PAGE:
Adoption hinges on locating the father Judges are requiring intensive searches to 'prevent hardship'

September 08, 1996|By Elaine Tassy | Elaine Tassy,SUN STAFF

When an Essex woman wanted to give her newborn son up for adoption, finding him a good home was not the biggest problem -- finding the baby's father was.

Five months into the pregnancy, the father disappeared and could not be reached for approval. And that raised a disturbing prospect: that his last-minute objection could overturn the adoption and upset everyone involved.

To prevent such problems, judges around the nation are demanding that adoption agencies and birth mothers scour postal records, driving records -- even a favorite hangout -- to locate the birth father. Once a legal notice is served, he can consent to the adoption -- or waive his parental rights by not responding.

The approach in Baltimore County, where birth fathers are hard to find or uncooperative in about half of the 350 adoptions annually, illustrates the trend.

"I've been cautious about it to prevent hardship to the adoptive parents, the child and the natural parents," says Circuit Judge John O. Hennegan, one of two judges who oversee adoption hearings in Baltimore County.

Routinely, he asks agencies to contact the Motor Vehicle Administration, post office and last-known relative or employer to find the birth father's address. Sometimes, lawyers and adoption agencies search out his favorite haunts or hire investigators and process servers who use creative, even sneaky, ways to locate him.

For example, to obtain a father's phone number, they might phone relatives and say he has won a prize, is invited to asurprise party or has received a job offer.

"There's no question that the trend in the law -- which continues to favor the rights of natural parents -- means those parents have to be found if they can be," says Irwin R. Kramer, an Owings Mills lawyer whose practice includes adoptions.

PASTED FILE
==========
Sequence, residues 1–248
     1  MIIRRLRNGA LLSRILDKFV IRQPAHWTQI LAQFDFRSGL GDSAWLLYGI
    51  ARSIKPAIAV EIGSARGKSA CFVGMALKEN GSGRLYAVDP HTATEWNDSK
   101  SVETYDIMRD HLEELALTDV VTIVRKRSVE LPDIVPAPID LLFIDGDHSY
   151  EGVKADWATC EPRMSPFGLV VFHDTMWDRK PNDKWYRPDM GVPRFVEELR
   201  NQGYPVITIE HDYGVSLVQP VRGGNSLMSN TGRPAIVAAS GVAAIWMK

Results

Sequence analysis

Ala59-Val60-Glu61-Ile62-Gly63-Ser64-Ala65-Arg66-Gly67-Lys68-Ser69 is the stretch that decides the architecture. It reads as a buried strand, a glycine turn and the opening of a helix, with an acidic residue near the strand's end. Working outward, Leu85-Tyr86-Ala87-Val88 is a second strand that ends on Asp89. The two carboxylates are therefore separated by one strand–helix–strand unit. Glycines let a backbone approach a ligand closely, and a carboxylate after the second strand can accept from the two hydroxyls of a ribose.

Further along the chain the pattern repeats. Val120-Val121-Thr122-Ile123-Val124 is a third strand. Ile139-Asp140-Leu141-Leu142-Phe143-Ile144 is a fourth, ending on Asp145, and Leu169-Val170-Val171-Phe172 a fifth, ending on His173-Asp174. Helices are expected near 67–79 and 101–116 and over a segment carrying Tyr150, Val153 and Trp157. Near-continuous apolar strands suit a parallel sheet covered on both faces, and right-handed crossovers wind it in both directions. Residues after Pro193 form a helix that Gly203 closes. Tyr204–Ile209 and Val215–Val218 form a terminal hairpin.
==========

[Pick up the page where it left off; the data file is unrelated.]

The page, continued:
In recent years, he added, he has seen "an increase in sensitivity to that issue."

Adds Mark A. Hardin, director of the American Bar Association Center on Children and the Law, "In those situations where the law requires the father to be notified, many agencies are taking extra care to actually locate the father."

In recent years, two highly publicized adoptions were overturned because birth fathers had not consented. "Baby Richard," adopted in Illinois as an infant, was returned at age 4 to his birth parents as neighbors of the adoptive family shouted angrily. In a Michigan case, "Baby Jessica" was returned to her birth parents at age 3.

That's what Adoptions Together Inc., a private agency with offices in Pikesville and Kensington, tried to avoid in the Essex woman's case.

During her pregnancy, Sandi -- who would not allow her full name used to shield the anonymity of the baby's biological father -- and the 33-year-old short-order cook were getting counseling to be sure adoption was the right decision.

But when she was 5 1/2 months pregnant, "he went away for a while, I don't know where," Sandi recalls. His sister didn't know where he was, either, and calls to his job, home and pager went unanswered.

The day after the Feb. 18 birth, the baby went home with prospective adoptive parents from Silver Spring -- Jamie, an architect, and Dolores, a fund-raiser for a nonprofit group in Washington.

Sandi signed a form terminating her parental rights, but the birth father still had not been found to do the same. On March 29, the adoption agency served a legal notice at his job, stating that he had 30 days to contest the adoption. Sandi feared he would.

"He called right before the papers were served, and basically he was saying he couldn't allow the adoption to go through. The agency would have had to completely drop the case as if we had never come there," she said.

As the adoptive couple heard rumors of the birth father's misgivings, they canceled a baby shower and a trip to Richmond, Va., to introduce the baby to Jamie's family. Meanwhile, they were "counting down the days," recalls Jamie, who asked that his last name not be used to prevent a last-minute complication.

When the wait was over -- and no word came from the biological father -- Jamie and Dolores celebrated with family and friends. "It took a few days for us to really start believing it, but at the same time there was a big sense of relief immediately," he says, describing Ian as "remarkably cute."

This fall, the adoption is expected to be made final by a county judge.

Mothers sometimes do not want to tell authorities the father's identity for fear he will complicate matters. In other cases, he is not well known by the mother and cannot be found. And as in Sandi's case, the couple's connection can be severed.

"We follow up on every lead we have," says Janice Goldwater, executive director of Adoptions Together. "We have to demonstrate to the court that we've exercised every opportunity to locate him."

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